Designing an Early College High School for African American Males African American males have traditionally received less attention in schools because teachers often associate them with acting out behavior (Harper and Davis, 2012). The incidences of African American males who enter school and act out or who are accused of selling drugs or committing a variety of crimes makes these students seem like they are not worthy of time and effort put into their education (Harper and Davis, 2012)…
In many instances the latter may be an issue, especially when some teachers are afraid of young African American males (Brown, 2011). To this end, there are programs in the United States that provide mentoring for African American boys who need attention to help them prepare for college (Brown, 2011). The reason mentoring is so crucial is because public schools have traditionally misunderstood how to work with African American males to the point that they are not given the opportunities to partake in “classes offering enriched educational offerings” (Holzman, 2010, p. 4). For many African American males this means that they go to prison rather than college and they only find low wage jobs as a consequence of such tendencies (Holzman, 2010). This is not the intended plight of these students. They are viable students that can make a strong contribution to society if they are given a chance. Generally, African American males have a lower graduation rate than Caucasian students and other minorities. According to the Educational Testing Service (ETS) (2011) African American males fail at a tremendous rate. ...
In a regular high school this is well below the standard of Caucasian students who show 38 percent proficiency in reading by fourth grade and 44 percent proficiency in math by eighth grade (ETS, 2011). There is no doubt that something must be done to help African American males succeed. The New School Concept Across the United States, the development of new schools to provide parents with different choices for their children grew, because of the Now Child Left Behind Act of 2001. This Act created opportunities for schools to work with students in different ways, and it called for children to be proficient in certain areas at certain times in their education. This Act was to close the achievement gap between Caucasian students and minority students (blacks and Hispanics) but it but it created more of a gap for African American students instead of closing the gap (Knaus, 2007). Part of the challenge for many schools has been that they are given teachers who are unprepared to teach African American students (Knaus, 2007). In large urban areas, where there is a large amount of poverty, schools may have “three times as many uncertified or out-of-field teachers of low-poverty schools” (Knaus, 2007, p. 1). When African American males become resistant to this type of schooling and choose not to attend, they can be subject to moves to other types of schools like “continuation” schools or alternatives schools, and then to the juvenile justice system (Knaus, 2007, p. 1). This is not the type of situation that society needs for its African American youth. Central to the success of any school and especially new schools is the quality of the educators who work with ...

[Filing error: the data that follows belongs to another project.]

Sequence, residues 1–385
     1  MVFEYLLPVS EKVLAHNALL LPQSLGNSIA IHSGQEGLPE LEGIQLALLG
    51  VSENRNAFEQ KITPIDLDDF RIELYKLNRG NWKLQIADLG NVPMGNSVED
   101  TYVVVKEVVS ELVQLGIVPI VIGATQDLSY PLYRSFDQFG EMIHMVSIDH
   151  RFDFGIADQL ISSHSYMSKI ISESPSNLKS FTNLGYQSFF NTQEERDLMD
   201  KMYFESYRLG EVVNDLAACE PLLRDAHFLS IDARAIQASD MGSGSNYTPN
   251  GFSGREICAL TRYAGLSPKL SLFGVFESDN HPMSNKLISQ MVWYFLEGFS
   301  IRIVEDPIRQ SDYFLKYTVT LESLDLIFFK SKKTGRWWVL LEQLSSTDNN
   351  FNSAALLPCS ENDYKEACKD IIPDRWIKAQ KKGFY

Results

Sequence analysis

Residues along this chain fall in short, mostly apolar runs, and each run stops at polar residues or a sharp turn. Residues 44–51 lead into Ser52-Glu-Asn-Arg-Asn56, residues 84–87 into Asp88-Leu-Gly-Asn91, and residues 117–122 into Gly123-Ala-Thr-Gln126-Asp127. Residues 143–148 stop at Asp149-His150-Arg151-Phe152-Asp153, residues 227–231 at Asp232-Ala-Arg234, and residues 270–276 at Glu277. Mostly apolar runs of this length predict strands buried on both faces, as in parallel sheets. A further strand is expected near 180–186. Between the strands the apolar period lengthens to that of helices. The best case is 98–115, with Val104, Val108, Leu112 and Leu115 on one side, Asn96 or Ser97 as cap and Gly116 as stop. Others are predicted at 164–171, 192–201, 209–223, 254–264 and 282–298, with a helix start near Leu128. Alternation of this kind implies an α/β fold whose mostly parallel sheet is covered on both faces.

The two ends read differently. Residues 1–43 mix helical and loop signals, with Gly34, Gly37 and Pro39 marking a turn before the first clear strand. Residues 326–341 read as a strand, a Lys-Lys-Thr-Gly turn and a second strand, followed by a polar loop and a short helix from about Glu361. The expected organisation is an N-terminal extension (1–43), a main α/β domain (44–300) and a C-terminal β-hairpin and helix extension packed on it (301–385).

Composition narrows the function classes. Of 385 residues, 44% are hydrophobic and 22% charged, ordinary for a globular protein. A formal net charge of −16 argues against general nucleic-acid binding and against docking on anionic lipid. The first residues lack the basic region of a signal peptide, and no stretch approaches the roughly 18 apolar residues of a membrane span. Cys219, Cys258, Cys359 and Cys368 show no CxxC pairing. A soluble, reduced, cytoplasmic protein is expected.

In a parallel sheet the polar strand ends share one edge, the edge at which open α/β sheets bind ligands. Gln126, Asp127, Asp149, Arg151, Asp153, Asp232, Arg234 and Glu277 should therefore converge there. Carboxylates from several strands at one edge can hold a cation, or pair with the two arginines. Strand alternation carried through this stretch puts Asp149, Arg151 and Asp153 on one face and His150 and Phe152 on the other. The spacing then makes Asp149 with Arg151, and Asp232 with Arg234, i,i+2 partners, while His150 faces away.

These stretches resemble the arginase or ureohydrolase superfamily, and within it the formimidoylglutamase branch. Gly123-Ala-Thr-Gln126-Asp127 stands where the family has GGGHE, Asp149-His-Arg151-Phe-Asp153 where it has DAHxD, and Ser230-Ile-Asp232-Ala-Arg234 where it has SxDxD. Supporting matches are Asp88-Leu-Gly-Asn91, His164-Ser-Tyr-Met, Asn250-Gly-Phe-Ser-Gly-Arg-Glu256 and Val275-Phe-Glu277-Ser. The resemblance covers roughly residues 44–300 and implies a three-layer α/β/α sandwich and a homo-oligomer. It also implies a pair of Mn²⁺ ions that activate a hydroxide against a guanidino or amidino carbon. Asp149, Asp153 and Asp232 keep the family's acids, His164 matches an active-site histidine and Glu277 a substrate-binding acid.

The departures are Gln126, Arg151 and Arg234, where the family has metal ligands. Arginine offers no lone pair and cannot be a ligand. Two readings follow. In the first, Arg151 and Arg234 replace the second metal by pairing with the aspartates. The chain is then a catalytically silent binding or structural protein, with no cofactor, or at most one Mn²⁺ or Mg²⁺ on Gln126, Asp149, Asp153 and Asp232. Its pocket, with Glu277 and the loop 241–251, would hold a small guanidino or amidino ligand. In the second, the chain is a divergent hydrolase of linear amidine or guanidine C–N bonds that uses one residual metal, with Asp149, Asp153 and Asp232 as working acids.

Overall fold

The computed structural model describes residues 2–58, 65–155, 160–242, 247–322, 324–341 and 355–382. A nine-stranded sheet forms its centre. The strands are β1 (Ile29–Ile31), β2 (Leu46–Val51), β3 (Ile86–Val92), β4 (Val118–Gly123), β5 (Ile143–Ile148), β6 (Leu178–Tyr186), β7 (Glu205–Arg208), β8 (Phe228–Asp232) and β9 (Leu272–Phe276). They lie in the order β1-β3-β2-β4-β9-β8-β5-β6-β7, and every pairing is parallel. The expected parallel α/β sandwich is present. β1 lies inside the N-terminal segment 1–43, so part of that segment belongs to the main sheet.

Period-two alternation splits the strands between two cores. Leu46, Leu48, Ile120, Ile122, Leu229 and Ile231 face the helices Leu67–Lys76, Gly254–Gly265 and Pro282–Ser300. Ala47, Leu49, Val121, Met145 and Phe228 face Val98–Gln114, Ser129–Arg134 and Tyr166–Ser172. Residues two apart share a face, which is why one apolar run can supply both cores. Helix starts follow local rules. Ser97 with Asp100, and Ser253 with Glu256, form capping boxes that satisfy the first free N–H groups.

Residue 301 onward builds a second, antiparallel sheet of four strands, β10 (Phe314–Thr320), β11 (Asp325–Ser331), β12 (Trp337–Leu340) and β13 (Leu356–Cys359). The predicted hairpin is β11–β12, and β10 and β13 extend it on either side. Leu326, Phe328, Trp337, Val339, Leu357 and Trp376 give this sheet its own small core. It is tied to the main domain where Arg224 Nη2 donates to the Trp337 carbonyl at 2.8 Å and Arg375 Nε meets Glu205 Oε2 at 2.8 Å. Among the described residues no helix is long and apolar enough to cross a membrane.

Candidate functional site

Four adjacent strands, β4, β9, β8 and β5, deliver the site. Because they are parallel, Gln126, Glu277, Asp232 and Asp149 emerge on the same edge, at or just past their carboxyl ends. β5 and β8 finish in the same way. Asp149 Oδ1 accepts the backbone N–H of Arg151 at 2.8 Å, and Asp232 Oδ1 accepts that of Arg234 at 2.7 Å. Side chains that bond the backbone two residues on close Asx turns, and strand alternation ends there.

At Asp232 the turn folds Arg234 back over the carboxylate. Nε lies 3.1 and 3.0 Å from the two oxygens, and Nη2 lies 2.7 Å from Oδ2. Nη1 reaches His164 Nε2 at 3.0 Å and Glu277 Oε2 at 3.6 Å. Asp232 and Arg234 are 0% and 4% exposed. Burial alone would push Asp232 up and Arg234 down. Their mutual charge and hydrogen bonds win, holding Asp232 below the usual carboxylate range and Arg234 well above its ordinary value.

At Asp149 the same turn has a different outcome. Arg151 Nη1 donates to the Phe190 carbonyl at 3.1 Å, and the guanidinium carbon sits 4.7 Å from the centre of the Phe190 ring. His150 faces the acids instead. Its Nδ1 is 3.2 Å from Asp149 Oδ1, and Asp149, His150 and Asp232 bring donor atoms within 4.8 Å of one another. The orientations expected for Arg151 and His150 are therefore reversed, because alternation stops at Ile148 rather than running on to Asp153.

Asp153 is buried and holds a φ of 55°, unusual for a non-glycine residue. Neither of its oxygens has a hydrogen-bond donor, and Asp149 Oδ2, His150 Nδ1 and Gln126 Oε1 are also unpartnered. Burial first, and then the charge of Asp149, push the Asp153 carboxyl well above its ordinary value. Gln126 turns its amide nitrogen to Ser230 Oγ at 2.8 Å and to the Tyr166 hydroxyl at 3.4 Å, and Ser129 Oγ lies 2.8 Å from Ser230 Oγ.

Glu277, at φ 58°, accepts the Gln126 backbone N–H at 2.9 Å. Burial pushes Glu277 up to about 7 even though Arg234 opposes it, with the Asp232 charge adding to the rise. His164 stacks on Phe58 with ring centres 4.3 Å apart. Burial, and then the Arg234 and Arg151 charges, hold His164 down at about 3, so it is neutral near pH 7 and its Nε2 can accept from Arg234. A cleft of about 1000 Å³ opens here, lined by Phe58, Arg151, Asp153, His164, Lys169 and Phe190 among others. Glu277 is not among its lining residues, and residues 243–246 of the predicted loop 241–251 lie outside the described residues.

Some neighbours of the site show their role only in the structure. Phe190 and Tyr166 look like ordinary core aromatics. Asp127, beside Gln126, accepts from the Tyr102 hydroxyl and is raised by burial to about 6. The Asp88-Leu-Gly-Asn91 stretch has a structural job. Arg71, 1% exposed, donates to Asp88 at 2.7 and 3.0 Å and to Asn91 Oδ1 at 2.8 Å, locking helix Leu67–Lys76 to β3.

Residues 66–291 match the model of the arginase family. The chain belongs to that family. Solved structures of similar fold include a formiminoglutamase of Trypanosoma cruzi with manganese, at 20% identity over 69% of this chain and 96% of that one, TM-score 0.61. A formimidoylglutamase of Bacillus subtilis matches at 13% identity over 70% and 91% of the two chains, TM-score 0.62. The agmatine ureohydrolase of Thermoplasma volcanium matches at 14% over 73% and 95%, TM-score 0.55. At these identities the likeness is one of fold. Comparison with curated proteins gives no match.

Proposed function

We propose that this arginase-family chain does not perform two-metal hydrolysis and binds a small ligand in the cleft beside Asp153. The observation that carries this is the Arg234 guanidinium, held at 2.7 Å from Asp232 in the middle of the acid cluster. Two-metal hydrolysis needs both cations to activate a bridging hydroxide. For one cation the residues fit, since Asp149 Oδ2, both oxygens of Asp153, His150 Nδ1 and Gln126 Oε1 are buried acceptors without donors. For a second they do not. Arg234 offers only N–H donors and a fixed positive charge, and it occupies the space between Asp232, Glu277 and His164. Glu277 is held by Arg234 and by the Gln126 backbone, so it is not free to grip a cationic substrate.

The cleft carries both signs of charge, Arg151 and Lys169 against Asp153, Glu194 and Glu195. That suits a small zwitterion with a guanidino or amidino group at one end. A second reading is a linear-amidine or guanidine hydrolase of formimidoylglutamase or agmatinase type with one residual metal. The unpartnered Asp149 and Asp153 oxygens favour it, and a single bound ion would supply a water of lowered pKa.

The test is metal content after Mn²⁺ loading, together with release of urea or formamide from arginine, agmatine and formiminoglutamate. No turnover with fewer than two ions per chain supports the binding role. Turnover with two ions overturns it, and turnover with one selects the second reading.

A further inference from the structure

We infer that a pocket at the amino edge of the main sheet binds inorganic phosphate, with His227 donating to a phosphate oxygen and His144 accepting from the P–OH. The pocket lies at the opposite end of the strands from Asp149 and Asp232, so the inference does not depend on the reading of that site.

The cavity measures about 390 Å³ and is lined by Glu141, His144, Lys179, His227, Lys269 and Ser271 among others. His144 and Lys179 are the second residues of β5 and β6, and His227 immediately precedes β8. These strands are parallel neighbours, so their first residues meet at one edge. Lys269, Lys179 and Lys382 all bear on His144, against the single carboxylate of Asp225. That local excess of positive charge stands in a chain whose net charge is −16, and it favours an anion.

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However, the developments achieved by Caribbean youths are still within and an imagery status that they are underdeveloped is being exhibited. The educational career of Caribbean youths are subjected to various types of constrains, since the cultural environment in which they pursue their education is quite different from that of their homeland culture.
However, they are hardly recognized and are only seen subordinates to the white women or black men. They are seen as a group that has no experience, even though they are equally competent with their colleagues (Anderson and Ramey, 1998).
chool success. The conclusion and recommendatins will address the two research questions at the core of planning an early college high school for African American males. These include first, the determination of authentic learning activities that promote a rigorous high school experience for African American males to yield positive outcomes in high school and college, and second, the components of a single-gender high school that will positively impact the affective and developmental needs of African American males.
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According to the report the 21st century has seen a lot of policy changes being made in the US learning curriculum. These changes have directly and indirectly encouraged the introduction and entrenchment of research experience in high school. Some high school programs such have thrived and provide an intense 6-week internship for scientific research.
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This number may have gradually increased but non other than President Barrack Obama reminded the African-American community that they had to pursue education on a serious note if they ever hoped to live the American dream and there were no shortcuts to that end.
She noticed, along with several other dismayed academic professionals, as these budget reductions went straight to affect the educational aspect of these states, especially the libraries. As Mary pointed out, the school media centers were the first to be cut from the budget, because their importance is not viewed by all in a unanimous way.
. Cognitive difficulties, adolescent tensions, mood changes and other traumas have targeting the schools everywhere. In recent years, gun culture has entered the school premises, mainly in the west. In the East, although there have been similar signs recently, it is yet to make a prominent appearance.
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19 Pages(4750 words)Dissertation
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